Since my appointment as Minister for Foreign Affairs in September 1997 there have been no discussions at the General Affairs Council of incidents of racism and xenophobia within the EU, including Ireland.
However, the Deputy should be aware that the General Affairs Council, at its meeting on 2 June 1997, approved the establishment of the European Monitoring centre on Racism and Xenophobia and the centre, which is based in Vienna, opened in January of this year.
The primary objective of the monitoring centre is to provide the community and its member states with objective, reliable and comparable data at European level on the phenomena of racism, xenophobia and anti-semitism in order to help them when they take measures or formulate courses of action within their respective spheres of competence.
The initiative for the establishment of this centre stemmed from a decision taken at the European Council in Cannes in June 1995 when it was agreed that a consultative commission be established to study the feasibility of establishing a European Monitoring Centre on Racism and Xenophobia.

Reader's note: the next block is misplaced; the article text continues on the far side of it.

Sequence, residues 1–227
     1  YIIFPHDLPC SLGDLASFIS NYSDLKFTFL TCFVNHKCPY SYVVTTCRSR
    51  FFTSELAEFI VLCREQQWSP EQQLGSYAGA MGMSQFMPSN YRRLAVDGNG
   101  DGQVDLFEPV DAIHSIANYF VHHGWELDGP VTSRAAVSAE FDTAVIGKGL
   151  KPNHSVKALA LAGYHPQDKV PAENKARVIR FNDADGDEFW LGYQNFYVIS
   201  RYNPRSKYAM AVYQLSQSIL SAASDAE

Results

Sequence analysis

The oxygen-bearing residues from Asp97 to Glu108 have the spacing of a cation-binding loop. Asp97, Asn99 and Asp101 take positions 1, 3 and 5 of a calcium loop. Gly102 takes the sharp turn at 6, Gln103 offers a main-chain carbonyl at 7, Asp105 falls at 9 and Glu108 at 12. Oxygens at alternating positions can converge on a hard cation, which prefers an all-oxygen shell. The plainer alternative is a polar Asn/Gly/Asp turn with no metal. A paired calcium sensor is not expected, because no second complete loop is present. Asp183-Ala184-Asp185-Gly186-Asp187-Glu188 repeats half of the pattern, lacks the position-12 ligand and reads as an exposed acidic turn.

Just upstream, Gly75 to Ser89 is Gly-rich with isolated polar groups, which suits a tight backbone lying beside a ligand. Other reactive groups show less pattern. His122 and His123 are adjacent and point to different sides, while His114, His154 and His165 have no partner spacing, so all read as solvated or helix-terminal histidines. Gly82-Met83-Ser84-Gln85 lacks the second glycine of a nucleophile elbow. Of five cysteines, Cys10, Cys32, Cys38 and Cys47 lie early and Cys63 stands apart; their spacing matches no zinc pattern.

Ireland fully supported the initiative to establish the new European Monitoring Centre on Racism and Xenophobia and we will continue to support action at EU level aimed at combating racism and xenophobia.
I should also like to advise the Deputy that the 1996 EU Joint Action on Racism and Xenophobia continues to be pursued in the context of the Justice and Home Affairs Council. The joint action was aimed at improving judicial co-operation between member states in the fight against racism and xenophobia and the report presented to the May JHA Council indicated that member states have, to a very large extent, implemented the provisions of the joint action.